Star light, star bright: Rare designation sought to keep Kelowna park dark
Dark-sky preserve would reduce light pollution, help astronomers and wildlife
As encroaching development adds to the nighttime glow over Kelowna, a regional parks supervisor is leading an initiative to protect a space where Kelowna residents and visitors can see the stars.
Isabella Hodson wants the Royal Astronomical Society of Canada (RASC) to designate a 405-hectare park just south of the city as a dark-sky preserve.
"It's preserving the night sky not only for astronomers, but also for regular people to just go out and look up at the sky and see what the sky is supposed to look like," Hodson told Chris Walker, the host of CBC Radio's Daybreak South.
On Nov. 14, the Regional District of the Central Okanagan voted to support the application for designating the Johns Family Nature Conservancy Regional Park.
Hodson's enthusiasm for dark-sky preserves came from working in one for the Alberta parks system.
She managed the dark-sky festival for Beaver Hills Dark Sky Preserve and taught classes of Grade 6 students who came to learn about the concept.
After moving to the Okanagan two years ago to work as the RDCO's supervisor of community relations and visitor services, she recognized the Johns Family Nature Conservancy Regional Park's potential as "kind of a perfect place" for a preserve.
Two other dark-sky preserves are certified by the RASC in British Columbia, at Cattle Point in Victoria and McDonald Park in the Fraser Valley.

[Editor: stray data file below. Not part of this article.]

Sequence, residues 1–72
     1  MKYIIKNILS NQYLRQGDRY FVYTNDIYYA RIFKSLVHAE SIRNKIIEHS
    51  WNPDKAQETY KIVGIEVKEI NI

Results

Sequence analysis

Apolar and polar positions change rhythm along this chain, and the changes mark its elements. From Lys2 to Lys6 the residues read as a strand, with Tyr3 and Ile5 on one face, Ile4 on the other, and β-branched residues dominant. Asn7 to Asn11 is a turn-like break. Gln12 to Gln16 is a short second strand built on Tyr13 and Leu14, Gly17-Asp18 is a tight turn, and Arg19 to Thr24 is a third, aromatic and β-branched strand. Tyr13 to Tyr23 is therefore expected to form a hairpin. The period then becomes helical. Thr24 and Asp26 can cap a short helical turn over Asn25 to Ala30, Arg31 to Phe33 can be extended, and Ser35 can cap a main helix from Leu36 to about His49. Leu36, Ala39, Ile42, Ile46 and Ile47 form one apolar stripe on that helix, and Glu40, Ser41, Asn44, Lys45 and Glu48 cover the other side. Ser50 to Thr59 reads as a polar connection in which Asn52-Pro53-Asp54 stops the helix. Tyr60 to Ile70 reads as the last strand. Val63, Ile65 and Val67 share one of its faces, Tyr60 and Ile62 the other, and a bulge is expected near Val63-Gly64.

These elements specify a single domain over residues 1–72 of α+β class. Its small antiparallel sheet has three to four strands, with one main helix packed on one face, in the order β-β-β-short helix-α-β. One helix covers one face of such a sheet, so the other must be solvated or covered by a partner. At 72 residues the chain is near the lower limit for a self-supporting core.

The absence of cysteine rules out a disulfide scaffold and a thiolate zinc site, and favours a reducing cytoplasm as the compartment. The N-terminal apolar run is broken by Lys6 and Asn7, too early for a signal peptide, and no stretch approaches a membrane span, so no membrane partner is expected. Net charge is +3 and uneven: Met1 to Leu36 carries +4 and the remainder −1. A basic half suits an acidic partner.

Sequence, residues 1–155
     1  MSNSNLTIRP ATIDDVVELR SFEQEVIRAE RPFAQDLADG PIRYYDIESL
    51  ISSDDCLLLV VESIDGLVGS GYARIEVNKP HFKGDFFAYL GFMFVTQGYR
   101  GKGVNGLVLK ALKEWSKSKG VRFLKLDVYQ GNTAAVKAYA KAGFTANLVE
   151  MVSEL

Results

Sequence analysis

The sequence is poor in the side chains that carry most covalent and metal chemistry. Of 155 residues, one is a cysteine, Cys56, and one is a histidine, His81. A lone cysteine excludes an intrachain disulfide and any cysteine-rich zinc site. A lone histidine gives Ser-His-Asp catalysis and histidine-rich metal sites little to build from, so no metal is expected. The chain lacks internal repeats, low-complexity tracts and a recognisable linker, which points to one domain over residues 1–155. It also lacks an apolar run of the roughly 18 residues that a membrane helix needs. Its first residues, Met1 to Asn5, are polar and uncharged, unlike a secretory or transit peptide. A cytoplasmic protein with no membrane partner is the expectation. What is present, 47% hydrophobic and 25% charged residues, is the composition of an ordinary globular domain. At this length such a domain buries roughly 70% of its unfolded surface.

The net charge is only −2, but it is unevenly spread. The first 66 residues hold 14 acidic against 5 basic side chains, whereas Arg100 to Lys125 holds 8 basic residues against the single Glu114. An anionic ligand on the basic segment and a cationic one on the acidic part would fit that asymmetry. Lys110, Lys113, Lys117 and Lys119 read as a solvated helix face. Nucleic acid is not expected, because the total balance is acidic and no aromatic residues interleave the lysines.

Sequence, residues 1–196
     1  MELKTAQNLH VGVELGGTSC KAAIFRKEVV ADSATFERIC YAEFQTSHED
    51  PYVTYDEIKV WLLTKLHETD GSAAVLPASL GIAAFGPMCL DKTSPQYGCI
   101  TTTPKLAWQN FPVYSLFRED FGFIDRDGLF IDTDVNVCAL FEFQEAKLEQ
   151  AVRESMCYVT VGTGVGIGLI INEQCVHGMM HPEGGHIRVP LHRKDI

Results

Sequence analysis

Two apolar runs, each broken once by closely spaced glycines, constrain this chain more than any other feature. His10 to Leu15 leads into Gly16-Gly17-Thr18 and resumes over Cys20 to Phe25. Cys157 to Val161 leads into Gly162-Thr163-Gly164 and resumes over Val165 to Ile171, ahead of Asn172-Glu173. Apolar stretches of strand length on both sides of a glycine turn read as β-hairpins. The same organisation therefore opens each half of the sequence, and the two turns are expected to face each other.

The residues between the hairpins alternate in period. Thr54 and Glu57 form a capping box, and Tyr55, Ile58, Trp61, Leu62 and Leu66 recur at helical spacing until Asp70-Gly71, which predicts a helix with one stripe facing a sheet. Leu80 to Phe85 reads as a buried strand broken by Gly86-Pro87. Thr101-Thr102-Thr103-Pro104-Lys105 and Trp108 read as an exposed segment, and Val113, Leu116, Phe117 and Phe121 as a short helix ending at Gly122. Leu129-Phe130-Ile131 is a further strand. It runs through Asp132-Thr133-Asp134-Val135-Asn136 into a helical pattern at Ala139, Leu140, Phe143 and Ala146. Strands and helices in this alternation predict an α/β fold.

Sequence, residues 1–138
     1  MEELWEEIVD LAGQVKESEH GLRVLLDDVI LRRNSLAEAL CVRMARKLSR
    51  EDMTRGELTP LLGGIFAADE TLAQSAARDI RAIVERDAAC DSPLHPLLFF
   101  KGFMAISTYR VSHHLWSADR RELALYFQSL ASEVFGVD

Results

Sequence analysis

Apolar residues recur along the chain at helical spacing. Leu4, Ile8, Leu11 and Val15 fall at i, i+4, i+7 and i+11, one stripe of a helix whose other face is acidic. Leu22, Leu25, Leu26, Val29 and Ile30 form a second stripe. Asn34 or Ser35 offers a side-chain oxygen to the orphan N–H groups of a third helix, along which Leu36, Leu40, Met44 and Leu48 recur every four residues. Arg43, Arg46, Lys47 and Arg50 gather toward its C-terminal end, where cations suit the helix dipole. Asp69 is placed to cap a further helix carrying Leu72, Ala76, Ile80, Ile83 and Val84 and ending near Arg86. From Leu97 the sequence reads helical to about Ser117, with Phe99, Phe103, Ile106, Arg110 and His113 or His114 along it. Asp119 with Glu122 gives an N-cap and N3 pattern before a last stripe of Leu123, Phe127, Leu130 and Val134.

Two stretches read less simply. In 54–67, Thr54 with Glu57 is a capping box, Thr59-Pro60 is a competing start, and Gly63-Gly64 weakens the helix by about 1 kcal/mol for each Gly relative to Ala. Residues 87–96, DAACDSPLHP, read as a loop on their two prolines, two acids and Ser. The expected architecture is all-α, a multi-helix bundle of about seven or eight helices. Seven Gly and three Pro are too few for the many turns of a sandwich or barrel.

Hodson said a night sky preserve can help educate the public about the harms of light pollution, not just on human health but also species such as tiger salamanders, which are nocturnal feeders.
"Having lights from the neighbouring community on it, it's actually not knowing that it's dark and it's time to hunt," she said. "So, instead of spending eight hours a night hunting, it may only spend four hours a night hunting. And so, it's actually going to have a shorter life and it won't be able to meet its needs."
Hodson expects the application process will take the next 18 months. The requirements will include repositioning the only light in the park to point downward instead of up and outward.
"We'd have to figure out a few observation sites as well, which are kind of prime viewing areas for the public," Hodson said.
With files from Daybreak South and Deborah Wilson